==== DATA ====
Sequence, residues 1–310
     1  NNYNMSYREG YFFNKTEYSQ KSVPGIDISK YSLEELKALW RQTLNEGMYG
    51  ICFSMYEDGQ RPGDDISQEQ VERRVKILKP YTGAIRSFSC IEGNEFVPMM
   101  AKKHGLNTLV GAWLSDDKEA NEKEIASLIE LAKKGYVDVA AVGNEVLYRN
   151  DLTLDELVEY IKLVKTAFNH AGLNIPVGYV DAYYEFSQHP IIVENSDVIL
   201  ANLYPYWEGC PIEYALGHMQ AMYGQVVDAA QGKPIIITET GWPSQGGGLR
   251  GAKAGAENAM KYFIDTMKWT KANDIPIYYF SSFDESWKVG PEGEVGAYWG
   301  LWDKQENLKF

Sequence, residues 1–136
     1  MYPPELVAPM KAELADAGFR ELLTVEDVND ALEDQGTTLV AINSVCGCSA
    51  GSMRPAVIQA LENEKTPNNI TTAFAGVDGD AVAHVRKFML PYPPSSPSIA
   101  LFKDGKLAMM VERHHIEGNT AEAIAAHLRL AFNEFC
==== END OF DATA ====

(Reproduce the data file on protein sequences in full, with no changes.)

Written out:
Sequence, residues 1–310
     1  NNYNMSYREG YFFNKTEYSQ KSVPGIDISK YSLEELKALW RQTLNEGMYG
    51  ICFSMYEDGQ RPGDDISQEQ VERRVKILKP YTGAIRSFSC IEGNEFVPMM
   101  AKKHGLNTLV GAWLSDDKEA NEKEIASLIE LAKKGYVDVA AVGNEVLYRN
   151  DLTLDELVEY IKLVKTAFNH AGLNIPVGYV DAYYEFSQHP IIVENSDVIL
   201  ANLYPYWEGC PIEYALGHMQ AMYGQVVDAA QGKPIIITET GWPSQGGGLR
   251  GAKAGAENAM KYFIDTMKWT KANDIPIYYF SSFDESWKVG PEGEVGAYWG
   301  LWDKQENLKF

Sequence, residues 1–136
     1  MYPPELVAPM KAELADAGFR ELLTVEDVND ALEDQGTTLV AINSVCGCSA
    51  GSMRPAVIQA LENEKTPNNI TTAFAGVDGD AVAHVRKFML PYPPSSPSIA
   101  LFKDGKLAMM VERHHIEGNT AEAIAAHLRL AFNEFC